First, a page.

Tag Archives: Phillip Jenkins

Christians in Assad’s Syria

Maaloula, St. Takla Convent, Syria.   Refugees from the Syrian civil war are hiding here as of early, September, 2013.  Residents of this village still speak a dialect derived from the ancient Aramaic, the language that Jesus spoke.

Maaloula, St. Takla Convent, Syria. Refugees from the Syrian civil war are hiding here as of early, September, 2013. Residents of this village still speak a dialect derived from the ancient Aramaic, the language that Jesus spoke.

As of early September, 2013, the world has been shocked by reports of chemical weapons being used in the civil war in Syria.   Numerous reports in the media argue that President Bashar al-Assad was behind these attacks. This horrible tragedy surely deserves at least some response.   But what kind of response?

Philip Jenkins is a renowned evangelical historian at Baylor University.   He has studied extensively the history of Christianity in the Middle East and the rest of the Mediterranean region.    Jenkins recently wrote an editorial piece giving his view that the lessons of church history should give American leaders caution in their response to the situation in Syria.  In particular, will a military intervention in Syria help or hurt the existing Christian community in Syria?

Jenkins’ position is that military intervention in Syria will not only hurt the Christians, it could ultimately lead to the annihilation of the Christian community in that country.  Pretty strong words.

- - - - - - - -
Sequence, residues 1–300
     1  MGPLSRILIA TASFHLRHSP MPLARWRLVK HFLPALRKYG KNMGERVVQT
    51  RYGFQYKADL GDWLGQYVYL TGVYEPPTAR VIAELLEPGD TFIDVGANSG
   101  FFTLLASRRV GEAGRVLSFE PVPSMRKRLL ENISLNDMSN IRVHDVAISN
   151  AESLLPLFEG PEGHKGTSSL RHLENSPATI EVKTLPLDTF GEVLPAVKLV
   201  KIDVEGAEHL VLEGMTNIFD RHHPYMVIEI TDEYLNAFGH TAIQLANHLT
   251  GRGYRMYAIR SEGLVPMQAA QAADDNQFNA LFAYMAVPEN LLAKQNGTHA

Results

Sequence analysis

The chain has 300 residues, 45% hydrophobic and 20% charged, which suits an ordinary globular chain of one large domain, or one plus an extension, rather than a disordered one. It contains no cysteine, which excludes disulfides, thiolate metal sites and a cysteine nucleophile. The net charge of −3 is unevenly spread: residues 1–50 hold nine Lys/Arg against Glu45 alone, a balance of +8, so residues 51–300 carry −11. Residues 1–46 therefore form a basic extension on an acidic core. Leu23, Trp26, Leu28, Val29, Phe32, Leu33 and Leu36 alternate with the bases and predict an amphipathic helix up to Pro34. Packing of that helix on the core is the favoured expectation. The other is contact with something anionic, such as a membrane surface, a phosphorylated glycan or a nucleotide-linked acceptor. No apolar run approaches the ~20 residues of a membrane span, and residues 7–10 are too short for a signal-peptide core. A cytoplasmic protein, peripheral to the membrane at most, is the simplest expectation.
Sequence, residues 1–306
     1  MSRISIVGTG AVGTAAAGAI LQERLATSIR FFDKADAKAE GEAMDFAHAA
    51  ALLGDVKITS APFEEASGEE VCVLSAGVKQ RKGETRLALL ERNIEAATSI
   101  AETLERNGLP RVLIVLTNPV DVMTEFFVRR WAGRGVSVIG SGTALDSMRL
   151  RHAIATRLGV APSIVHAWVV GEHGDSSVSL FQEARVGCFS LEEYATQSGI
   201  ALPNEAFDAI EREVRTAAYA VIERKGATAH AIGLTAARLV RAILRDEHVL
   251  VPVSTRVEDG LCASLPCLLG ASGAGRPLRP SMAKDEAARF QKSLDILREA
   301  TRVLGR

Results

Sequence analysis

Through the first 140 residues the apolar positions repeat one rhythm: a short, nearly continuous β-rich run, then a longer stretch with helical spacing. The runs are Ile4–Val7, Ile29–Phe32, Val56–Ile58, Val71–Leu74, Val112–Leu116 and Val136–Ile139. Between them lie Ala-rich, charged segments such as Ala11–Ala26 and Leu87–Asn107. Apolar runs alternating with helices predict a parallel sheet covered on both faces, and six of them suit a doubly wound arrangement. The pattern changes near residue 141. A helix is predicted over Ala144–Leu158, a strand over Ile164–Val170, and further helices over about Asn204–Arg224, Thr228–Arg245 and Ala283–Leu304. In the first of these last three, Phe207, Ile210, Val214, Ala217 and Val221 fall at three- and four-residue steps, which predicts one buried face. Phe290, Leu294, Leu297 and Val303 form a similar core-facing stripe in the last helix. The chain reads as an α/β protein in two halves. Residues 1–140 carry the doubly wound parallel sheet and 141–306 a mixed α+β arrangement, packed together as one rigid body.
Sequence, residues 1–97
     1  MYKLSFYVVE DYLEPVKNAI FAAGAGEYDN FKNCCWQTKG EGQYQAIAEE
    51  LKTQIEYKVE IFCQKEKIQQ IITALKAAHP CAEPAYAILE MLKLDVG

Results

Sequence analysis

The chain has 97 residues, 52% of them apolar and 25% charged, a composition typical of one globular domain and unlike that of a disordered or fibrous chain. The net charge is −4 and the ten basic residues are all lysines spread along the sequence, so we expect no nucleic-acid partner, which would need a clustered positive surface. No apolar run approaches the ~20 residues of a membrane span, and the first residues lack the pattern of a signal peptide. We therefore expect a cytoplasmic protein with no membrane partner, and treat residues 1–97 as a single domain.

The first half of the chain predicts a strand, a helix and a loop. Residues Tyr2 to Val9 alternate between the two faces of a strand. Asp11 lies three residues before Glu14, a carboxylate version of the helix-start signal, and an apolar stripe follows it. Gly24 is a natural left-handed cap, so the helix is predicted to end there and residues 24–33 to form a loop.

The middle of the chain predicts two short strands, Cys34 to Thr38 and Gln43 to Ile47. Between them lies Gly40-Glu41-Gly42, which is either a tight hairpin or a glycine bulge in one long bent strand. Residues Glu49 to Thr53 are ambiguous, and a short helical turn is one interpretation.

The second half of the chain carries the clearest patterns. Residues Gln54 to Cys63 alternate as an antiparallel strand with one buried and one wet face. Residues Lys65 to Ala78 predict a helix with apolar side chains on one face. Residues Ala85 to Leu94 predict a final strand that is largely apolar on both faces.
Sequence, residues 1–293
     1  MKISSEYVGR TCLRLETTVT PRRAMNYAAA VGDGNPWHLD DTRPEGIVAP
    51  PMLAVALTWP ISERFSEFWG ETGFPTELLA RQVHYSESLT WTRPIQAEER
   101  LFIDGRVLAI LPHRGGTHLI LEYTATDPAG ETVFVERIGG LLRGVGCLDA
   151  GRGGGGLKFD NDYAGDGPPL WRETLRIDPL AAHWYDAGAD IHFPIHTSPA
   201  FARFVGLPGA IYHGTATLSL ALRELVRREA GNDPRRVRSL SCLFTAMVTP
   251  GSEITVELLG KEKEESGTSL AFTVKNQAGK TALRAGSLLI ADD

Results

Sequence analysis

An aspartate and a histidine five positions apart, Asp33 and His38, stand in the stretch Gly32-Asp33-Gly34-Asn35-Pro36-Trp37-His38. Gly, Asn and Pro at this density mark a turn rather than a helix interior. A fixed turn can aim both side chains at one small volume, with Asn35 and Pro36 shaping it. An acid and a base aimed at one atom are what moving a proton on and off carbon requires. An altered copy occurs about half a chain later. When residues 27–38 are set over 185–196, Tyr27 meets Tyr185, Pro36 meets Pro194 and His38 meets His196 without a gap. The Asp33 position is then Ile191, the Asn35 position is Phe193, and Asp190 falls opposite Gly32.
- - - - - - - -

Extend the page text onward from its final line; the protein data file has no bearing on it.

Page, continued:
Sadly, many American Christians are largely ignorant about the history of Christianity in this part of the world.  As I have tried to show with the recent situation in Egypt, the issues are exceedingly complex.   Frankly, I am not sure what the clear answer is on what to do.   But what I do know is that most Christians in the Middle East and particularly in Syria itself oppose outside intervention into Syria’s internal problems.   Assad is not the nicest guy in the world.  That much is over-abundantly clear.  But Christians in the region have looked to Assad and his family for many years for at least some protection from Islamic extremists.   What will happen to an already persecuted church if the country is further destabilized?

Perhaps you might have a completely different view.   Perhaps Jenkins is mistaken. There is much that I do not know.  Nevertheless, as a Christian in America what I do know that it is my duty and responsibility to listen to my brothers and sisters in Christ in Syria and make a better effort to fully understand their history and appreciate their situation today in view of the present crisis.


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